True blue forget-me-not flowers and related folklore

Forget-me-not flowers, from Les Fleurs Animées,  by J.J. Grandville (1803-1847)

The dainty, true-blue Forget-me-not flower, or Myosotis, is a European native now naturalized throughout much of North America, including spots in my garden.

The name comes from the Ancient Greek μυοσωτίς “mouse’s ear”, which the foliage is thought to resemble.

This harbinger of spring and member of the Borage family, prefers moist habitats and spreads prolifically in partial shade along the edge of a woodland.

Once planted, they’ll likely always be there! They self-seed readily, but they’re easily removed if one feels they’re starting to take over the garden, tho’ I can’t imagine anyone feeling that way.

Rogelio de Egusquiza, Tristán e Iseo (La vida) 1912

Medieval folklore tells us the tale of a knight errant and his lady-faire who walked along a river.

That gentleman bent down to pluck a bouquet of these flowers for his lady-love, only to lose  his footing on slippery rocks. He fell into the river and the weight of his armour was too much. It pulled him underneath the watery depths.

It’s said that his last words cried out to his damsel, before being claimed by the depths was, “Forget-me-not”!

In a similar tale, a young couple, on the eve of being married, walked along the banks of the Danube. The bride-to-be saw one of these lovely flowers floating on the waves, which seemed ready to carry it away. She spoke of her admiration for the beautiful flower and her regret for its destiny.

Her husband-to-be, induced by love (and probably wanting to impress), gallantly stepped into the water to retrieve the coveted blue flower.

He grasped the flower but unfortunately he sank into the watery depths, but made one last effort to throw the flower upon the shore at the moment of disappearing for ever, where he exclaimed, “Virgils mich nicht” since which time this flower has been made emblematical, and taken the name of Forget-me-not.”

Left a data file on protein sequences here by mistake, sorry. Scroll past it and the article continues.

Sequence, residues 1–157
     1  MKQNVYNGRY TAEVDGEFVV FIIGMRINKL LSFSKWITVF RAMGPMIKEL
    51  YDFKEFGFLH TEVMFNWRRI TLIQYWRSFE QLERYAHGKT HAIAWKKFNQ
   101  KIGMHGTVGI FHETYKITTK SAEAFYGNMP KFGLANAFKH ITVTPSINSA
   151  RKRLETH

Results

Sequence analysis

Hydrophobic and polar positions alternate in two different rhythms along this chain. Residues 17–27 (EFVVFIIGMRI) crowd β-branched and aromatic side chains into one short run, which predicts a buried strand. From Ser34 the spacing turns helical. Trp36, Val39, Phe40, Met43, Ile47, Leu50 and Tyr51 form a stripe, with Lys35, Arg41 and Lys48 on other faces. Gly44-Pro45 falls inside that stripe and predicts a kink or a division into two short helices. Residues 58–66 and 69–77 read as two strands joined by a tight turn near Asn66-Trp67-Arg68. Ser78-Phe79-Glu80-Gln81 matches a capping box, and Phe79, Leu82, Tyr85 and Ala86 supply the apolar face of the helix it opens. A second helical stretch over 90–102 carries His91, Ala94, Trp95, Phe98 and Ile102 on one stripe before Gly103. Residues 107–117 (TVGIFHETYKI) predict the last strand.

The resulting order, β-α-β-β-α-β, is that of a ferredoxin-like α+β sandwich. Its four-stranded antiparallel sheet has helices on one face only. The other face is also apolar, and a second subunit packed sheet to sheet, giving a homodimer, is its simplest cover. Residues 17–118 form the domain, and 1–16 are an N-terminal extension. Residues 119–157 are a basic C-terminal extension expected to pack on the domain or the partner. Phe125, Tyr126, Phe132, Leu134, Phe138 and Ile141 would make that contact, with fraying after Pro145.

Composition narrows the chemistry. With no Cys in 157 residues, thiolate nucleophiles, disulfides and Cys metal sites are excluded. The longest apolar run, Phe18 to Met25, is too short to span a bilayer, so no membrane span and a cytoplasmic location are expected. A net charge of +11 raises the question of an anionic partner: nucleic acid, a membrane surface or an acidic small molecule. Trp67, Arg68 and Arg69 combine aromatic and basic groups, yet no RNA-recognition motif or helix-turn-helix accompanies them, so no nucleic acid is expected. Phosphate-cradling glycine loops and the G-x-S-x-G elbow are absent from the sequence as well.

Because of this, it’s fairly obvious why one of the main meanings for the forget-me-not in Victorian floral language concerns ‘Love in absence’.

To this day, the forget-me-not is given to someone who you hope will keep you in their thoughts. A lovely little reminder for us all.

 “That name it speaks in accents dear
Of love, and hope, and joy, and fear;
It softly tells an absent friend
That links of love should never end;
Its whispers waft a swelling breeze
O’er hill and dale, by land and seas,
– Forget-me-not”

 


Sources

  1.  The Wild Flowers of Britain and Northern Europe; Fitter, Fitter, Blamey; Collins; 3rd edition 1978
  2. USDA, NRCS (n.d.). “Myosotis sylvatica”. The PLANTS Database (plants.usda.gov). Greensboro, North Carolina: National Plant Data Team.
  3. The Language of flowers. Publication date 1834, Osborn & Buckingham, New York
  4. Harper Douglas, “Etymology of forget-me-not,” Online Etymology Dictionary, accessed April 24, 2022,
  5. NBN Gateway.Myosotis sylvatica Ehrh. ex Hoffm. [Wood Forget-me-not], NBN Gateway. Retrieved 24/04/22
  6. The sentiment of flowers; or, Language of flora, by Tyas, Robert, 1811-1879, Publication date: 1869

 

 

Flowers of the Sun – Sunflower Symbolism and Ukraine

The sunflower, a favourite subject of painters, is also a favourite plant in many gardens.

As a symbol it represents optimism, longevity, and peace. It is the national flower of Ukraine.

The symbolism of the sunflower takes us to a deeper level since Russia invaded Ukraine.

It has become an emblem uniting the world against unprovoked Russian aggression.

All flowers face the sky, seeking their daily dose of daylight, but the sunflower does it best, loyally following the sun’s path across the sky on a daily basis, not unlike one of Apollo’s mythical & loyal lovers.

Apollo guards the flock

Apollo, known by many as the sun god of ancient Greece & Rome, is also the god who wards off evil. How fitting too, that he is also a patron and protector of refugees.

Right now, artists around the world are sharing their sunflower art. That’s my painting contribution above.

Artists like me are also using the hashtag #sunflowersforukraine & #IStandWithUkraine, in an effort to offer a sense of solidarity with the Ukrainian people who are far away, from me at least, where I sit here in Canada, watching events unfolding, with horror in my heart.

Essentially, when one feels helpless to act, but feels strongly enough about the travesty Russia is imposing on Ukraine, artists of any genre can in some small way, take a stand against a greedy dictator like Vladimir Putin and his land-grabbing, senseless war.

So, let the sunflower continue to shine a harsh light on Russia, or any country & ruler who thinks its okay to invade a neighbour without provocation, or act aggressively towards another for the sake of personal gain and ego gratification.

A bully is a bully is a bully.

Let the sunflower be a beacon of light for the Ukrainian people, where darkness turns to the light, just as a sunflower follows the sun.


In closing, to the woman who stood up to Russian soldiers by putting sunflower seeds in their pockets, you are my hero. 🙂

Crocus flower- myth and sentiment

Crocus (Krokos), once a beautiful mortal youth who loved a nymph named Smilax, let his impatience get the better of him, (unrequited love?) ultimately angering the gods. They turned him into a spring blossom.